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Newly Revised SEMI E135 Standard Helps Semiconductor Fabrication Plants Select the Best RF Generator for Their Application

Posted March 19, 2019 by Don van Zyl

I recently was part of a group brought together by SEMI to redefine SEMI E135, the standard applied to test methods for determining the transient response of a radio frequency (RF) generator used in RF power delivery systems for semiconductor processing equipment. Comprised of RF generator suppliers and end users, the team of approximately 15 people embarked on a two-year effort to modernize the standard. The key goals were:

  • Rewrite the test standards so that design engineers can choose the right power source for a given application, for example atomic layer deposition, etching or other short-run processes.
  • Ensure tests reflect real-world conditions.
  • Create more transparency and communication between suppliers and users about the true capabilities of the power supply.

The original standard is over 10 years old. It was defined prior to the widespread use of digital communication to control RF generators and limited to testing RF generators designed to deliver power to a nominal 50-Ω load. However, today’s semiconductor fabrication processes are dynamic, requiring RF generators to be able to ignite plasma and respond instantly to changing plasma conditions. Wafer quality and yield are highly dependent on power remaining stable even as plasma characteristics change and by the ability to quickly respond to a change in set point and other commands which result in power level changes.

According to Paul Trio, Senior Manager, Strategic Initiatives at SEMI and Inna Skvortsova, of SEMI Standards, some device manufacturers have reported that more than half of RF generators used in semiconductor fabrication plants (fabs) fail within the first two years of operation. That is expensive for fabs in terms of downtime, unscheduled maintenance and total cost of ownership.

SEMI E135-0918: Updated and Expanded Related Information Section

With all of that in mind, we began a spirited, thorough collaboration resulting in a community effort aimed at advancing the industry. Discussions began within the SEMI SCIS Technology Community, a SEMI group focused on addressing component defectivity, and then complemented by the SEMI Standards program for formal standards development. During a series of meetings, we worked to update the standard so that it is easier to qualify a generator, provides guidance on data processing as well as setting up and performing tests.  These improvements inevitably provide users better procedural details that will help them operate these generators in a safer manner. If you are at all familiar with SEMI E135 or other such standards documents, you know that what I just described is only a fraction of the information contained in the standard. Schematics, examples, illustrations are also included to help test engineers specify and report on the performance characteristics of an RF generator under test.

The Related Information section of the newly revised SEMI E135 standard document is very important as it provides users additional helpful information on how best to use the prescribed test method. In it, the group chose to describe the limitations of testing equipment designed to deliver power to highly nonlinear loads using only linear loads.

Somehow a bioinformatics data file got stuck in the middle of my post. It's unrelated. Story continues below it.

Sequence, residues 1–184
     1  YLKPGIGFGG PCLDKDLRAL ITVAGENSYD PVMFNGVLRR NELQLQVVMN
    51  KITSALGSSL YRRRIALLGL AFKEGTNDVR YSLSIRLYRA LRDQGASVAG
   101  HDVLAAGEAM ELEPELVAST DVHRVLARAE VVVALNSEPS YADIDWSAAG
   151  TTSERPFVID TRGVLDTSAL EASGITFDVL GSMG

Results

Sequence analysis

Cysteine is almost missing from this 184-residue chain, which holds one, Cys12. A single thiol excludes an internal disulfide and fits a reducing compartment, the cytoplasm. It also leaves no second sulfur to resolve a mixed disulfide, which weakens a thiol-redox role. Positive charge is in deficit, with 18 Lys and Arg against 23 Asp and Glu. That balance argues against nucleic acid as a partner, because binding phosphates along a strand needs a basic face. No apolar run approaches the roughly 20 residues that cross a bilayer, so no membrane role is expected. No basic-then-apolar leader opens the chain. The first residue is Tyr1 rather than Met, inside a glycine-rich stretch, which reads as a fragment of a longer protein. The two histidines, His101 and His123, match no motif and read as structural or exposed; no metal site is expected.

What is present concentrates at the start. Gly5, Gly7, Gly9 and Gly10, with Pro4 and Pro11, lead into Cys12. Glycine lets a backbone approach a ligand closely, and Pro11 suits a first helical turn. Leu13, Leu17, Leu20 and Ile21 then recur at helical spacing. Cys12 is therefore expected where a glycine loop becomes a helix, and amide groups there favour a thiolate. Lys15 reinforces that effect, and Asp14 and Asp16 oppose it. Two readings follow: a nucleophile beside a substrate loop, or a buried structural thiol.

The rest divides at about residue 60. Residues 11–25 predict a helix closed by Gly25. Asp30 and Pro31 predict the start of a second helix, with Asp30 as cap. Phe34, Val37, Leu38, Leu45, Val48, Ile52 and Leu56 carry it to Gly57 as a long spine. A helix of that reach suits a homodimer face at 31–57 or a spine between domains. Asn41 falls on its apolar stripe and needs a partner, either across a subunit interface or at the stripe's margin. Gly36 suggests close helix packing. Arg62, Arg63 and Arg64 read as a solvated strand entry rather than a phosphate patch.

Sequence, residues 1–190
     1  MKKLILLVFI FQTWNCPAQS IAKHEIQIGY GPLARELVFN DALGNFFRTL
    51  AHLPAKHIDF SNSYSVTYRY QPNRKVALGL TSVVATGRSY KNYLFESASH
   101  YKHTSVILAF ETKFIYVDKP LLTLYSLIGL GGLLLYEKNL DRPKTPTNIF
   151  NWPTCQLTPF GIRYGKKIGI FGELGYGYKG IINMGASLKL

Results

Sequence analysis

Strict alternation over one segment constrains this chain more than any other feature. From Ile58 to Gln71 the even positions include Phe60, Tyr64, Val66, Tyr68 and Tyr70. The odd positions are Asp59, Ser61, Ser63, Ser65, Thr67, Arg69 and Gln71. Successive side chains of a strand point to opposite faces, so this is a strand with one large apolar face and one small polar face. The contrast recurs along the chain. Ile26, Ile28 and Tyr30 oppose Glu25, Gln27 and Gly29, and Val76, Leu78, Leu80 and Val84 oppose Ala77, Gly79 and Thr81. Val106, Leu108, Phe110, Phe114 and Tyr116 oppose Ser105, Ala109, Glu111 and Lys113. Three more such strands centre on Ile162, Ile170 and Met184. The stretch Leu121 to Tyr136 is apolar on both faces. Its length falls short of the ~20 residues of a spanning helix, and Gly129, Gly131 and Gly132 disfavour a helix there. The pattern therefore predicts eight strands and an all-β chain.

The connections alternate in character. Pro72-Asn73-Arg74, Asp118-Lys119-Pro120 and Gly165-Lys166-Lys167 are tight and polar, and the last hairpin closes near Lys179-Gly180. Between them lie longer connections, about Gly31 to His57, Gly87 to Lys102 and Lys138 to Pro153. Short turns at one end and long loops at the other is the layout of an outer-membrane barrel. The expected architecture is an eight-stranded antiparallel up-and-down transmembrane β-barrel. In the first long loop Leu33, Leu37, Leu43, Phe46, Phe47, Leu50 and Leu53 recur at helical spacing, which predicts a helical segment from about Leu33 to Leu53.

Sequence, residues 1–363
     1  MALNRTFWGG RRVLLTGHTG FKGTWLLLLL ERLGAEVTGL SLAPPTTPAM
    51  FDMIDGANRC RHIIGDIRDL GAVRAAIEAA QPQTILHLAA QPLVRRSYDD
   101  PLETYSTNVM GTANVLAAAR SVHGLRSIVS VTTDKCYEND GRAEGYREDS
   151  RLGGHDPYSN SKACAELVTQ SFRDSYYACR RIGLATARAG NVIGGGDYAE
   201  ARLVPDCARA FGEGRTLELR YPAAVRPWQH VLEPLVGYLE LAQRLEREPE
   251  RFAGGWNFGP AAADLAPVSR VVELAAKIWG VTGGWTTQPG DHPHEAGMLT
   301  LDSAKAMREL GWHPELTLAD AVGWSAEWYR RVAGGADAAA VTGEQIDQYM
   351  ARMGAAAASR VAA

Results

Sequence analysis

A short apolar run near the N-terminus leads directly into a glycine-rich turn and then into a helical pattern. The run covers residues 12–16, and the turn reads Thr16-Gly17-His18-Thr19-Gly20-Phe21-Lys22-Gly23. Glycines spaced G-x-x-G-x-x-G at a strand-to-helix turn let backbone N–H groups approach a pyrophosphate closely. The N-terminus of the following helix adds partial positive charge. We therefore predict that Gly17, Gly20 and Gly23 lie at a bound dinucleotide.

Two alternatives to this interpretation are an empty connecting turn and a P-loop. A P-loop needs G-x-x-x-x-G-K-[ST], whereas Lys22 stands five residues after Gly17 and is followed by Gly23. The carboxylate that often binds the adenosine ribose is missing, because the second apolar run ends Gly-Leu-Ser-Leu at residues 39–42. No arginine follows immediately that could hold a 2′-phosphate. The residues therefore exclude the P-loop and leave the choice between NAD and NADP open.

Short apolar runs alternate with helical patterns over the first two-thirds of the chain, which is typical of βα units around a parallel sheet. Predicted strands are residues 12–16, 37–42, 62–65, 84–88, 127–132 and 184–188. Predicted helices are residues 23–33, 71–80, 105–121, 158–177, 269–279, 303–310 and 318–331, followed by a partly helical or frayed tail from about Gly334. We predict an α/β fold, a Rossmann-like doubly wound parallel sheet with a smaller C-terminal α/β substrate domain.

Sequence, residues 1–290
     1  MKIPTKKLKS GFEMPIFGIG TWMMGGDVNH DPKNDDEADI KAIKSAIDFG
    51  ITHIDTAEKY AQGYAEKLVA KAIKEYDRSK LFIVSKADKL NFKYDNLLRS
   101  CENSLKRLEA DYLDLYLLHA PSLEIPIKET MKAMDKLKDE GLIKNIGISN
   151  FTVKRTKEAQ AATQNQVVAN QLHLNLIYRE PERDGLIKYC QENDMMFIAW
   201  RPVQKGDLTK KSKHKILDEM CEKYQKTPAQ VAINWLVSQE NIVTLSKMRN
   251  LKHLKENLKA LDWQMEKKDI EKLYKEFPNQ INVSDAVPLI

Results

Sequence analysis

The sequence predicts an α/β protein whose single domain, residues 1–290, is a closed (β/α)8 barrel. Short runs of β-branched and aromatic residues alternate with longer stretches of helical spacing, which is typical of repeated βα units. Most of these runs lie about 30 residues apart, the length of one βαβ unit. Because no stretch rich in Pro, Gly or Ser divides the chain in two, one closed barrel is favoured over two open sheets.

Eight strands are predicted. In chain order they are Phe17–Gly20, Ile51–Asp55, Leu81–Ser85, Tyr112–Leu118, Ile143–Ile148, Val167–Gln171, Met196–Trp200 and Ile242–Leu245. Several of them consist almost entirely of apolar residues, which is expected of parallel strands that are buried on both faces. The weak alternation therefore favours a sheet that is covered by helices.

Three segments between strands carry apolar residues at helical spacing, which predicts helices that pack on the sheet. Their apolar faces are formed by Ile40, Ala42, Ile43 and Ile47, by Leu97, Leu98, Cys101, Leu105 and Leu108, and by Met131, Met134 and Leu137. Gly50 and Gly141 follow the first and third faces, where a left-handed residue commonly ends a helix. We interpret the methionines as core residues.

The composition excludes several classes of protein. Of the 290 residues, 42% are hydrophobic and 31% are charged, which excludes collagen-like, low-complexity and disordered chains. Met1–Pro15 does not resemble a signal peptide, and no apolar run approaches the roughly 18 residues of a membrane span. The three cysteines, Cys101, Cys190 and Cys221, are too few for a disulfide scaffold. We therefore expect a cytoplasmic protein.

You’ll also find rationale for testing procedures, equations to determine gain, forward power and delivered power and guidance on test points. Again, what I’ve described here is only a brief sketch of what’s included; there is a great deal more information in this section that original equipment manufacturer (OEM) engineering teams, process engineers and technical teams evaluating RF generators should find useful.

Healthy Competition for the Benefit of the Industry Now and in the Future

We often talk about rapid changes in technology for our semiconductor customers, and how those advances help them meet their goals for improving yield and wafer quality or reducing total cost of ownership. Sometimes, technology development races ahead of standards, making it difficult for them to select an RF generator that best meets the performance demands the tool in their process will encounter.

Advanced Energy and the semiconductor community have mutual, vested interests in helping customers make fully informed decisions, even though some stakeholders are competitors. Considering how fast the semiconductor market is evolving, with the advent to the IoT, 5G communications and Industrie 4.0, it’s critical that SEMI E135 and other standards reflect the state of the industry today and set the stage for the next-generation of RF power and control.


Don van Zyl

Advanced Energy
With over 20 years of engineering experience, Don brings a deep knowledge of RF power systems. At Advanced Energy, he serves Director of RF Engineering, one of the key members of our technical staff, managing development of some of AE’s key solutions. Prior to AE, he served in several engineering leadership roles at Reutech Systems. Don holds a PhD from the University of Texas and a masters degree and two bachelors degrees from the University of Stellenbosch.
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